The Evil of Banality

The line separating good and evil passes not through states, nor between classes, nor between political parties either — but right through every human heart — and through all human hearts. This line shifts. Inside us, it oscillates with the years. And even within hearts overwhelmed by evil, one small bridgehead of good is retained.

Aleksandr Solzhenitsyn, The Gulag Archipelago 1918–1956

In today’s news we saw the story of a 96 year old woman who was caught fleeing before her trial for aiding and abetting mass murder in a Nazi concentration camp. She had served as a typist during her late teens and was responsible for transcribing execution orders drafted by commandant Paul-Werner Hoppe.

My initial impression was that it must’ve been dreadful to carry that burden for nearly eight decades. Can you imagine that? If you can’t, you might usefully take a moment to do so for a number of reasons.

You may recall from history class Churchill’s statement that “Those that fail to learn from history are doomed to repeat it.” What may not have ben explained, however, is how best to learn from history. One of the best ways to learn from history is to consider yourself as the perpetrator and not the victim of the story.

Why is this important? Because you are capable of both and because you are more likely to find yourself presented with the role of the perpetrator than you are to be the victim.

Most can easily identify with the victim, as we’ve all faced bullies, haters, accusers, and detractors, but we are much less prone to dwell upon, recall, or recount the times where we slipped into the role of a perpetrator or evildoer. The reality is, however, we’ve likely been both.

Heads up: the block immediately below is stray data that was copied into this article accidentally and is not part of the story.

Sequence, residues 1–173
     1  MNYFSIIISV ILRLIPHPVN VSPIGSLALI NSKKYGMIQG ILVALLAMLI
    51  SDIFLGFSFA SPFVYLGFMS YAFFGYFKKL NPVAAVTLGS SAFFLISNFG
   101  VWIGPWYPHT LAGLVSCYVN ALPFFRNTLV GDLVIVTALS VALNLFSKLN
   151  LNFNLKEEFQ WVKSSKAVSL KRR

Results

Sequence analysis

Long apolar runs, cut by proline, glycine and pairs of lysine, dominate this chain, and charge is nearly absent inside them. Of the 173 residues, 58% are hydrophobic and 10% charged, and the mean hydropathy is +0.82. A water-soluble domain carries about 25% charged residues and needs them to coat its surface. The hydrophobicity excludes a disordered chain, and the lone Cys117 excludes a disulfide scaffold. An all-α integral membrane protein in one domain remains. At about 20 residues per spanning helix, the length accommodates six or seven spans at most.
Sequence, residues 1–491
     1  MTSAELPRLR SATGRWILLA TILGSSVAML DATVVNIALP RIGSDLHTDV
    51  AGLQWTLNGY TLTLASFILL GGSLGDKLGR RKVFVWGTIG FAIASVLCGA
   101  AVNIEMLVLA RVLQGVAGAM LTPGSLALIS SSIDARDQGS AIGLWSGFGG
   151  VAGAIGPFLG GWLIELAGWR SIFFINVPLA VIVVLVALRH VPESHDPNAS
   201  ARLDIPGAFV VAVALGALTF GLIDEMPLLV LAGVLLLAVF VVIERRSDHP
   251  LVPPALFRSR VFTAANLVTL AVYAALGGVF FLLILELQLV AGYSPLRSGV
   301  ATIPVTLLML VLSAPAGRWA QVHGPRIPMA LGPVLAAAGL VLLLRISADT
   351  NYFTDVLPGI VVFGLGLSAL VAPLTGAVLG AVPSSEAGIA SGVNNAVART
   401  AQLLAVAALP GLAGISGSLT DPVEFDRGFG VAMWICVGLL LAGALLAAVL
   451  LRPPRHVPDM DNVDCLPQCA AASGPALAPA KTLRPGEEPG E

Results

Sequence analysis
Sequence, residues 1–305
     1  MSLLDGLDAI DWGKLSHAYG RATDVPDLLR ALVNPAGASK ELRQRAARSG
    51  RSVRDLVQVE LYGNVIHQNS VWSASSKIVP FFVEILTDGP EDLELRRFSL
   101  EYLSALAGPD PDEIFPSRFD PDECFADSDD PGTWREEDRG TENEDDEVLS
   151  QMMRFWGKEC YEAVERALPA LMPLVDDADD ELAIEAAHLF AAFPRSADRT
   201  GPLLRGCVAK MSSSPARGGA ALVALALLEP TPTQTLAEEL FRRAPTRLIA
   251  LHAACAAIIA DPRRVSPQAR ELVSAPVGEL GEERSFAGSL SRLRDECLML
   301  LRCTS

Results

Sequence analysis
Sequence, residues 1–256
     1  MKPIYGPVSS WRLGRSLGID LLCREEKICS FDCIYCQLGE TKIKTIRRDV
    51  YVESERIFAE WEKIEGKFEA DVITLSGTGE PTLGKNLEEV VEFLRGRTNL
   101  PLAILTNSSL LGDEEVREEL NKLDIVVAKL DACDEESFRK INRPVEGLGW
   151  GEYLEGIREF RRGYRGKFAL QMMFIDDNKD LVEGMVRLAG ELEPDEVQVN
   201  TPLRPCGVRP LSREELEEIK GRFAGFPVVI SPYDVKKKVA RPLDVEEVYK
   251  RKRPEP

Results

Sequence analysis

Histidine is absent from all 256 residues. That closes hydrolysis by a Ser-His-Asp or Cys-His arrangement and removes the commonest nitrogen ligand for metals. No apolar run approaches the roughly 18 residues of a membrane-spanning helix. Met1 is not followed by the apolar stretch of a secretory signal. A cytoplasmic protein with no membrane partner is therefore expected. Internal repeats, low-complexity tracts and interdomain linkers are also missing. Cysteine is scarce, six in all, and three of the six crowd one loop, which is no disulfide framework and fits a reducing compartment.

What is most surprising to me about the worst atrocities of our time is not that they happened, for such is to be expected in the disconnected state in which we live, but that they were aided and abetted by normal, ordinary people like you and me who would be considered good, productive, thoughtful citizens by just about any standard (e.g., policeman, teachers, farmers, etc.). What presses most upon my heart in regards to this story and so many like it is that the evil of banality is more insidious and more destructive than the banality of evil.

This desperate and terrified German nonagenarian could have been you or could have been me. Moreover, it can be you or it can be me in the days come. No, you say? You would never stoop to such things? You would resist? You would speak out? If our hearts and minds are not sufficiently armed with gratitude, compassion, and forgiveness even the darkest darkness can appear to be reasonable.

We stop loving our neighbor in little ways, mostly. It begins with petty grievances and fear of minor differences of opinion, perspective, and vision. Left to fester, the subtle pettiness slowly evolves into overt, unapologetic, and unbridled animosity. Such is the stuff of wars and rumors of wars.

Love your neighbor as yourself and as Jordan Peterson wisely advises: “treat yourself like someone you are responsible for helping.” The line that divides the perpetrator and the victim runs through all human hearts and there is an open casting for both roles in every scene of every drama in life.

If history is a guide, thinking we are immune to the worst in ourselves is as foolish as hoping that we will be ready I take the high road without deliberate and regular practice. Love your neighbor, regularly. Forgive their trespasses, completely. Train as if your life depends upon it, because it does.

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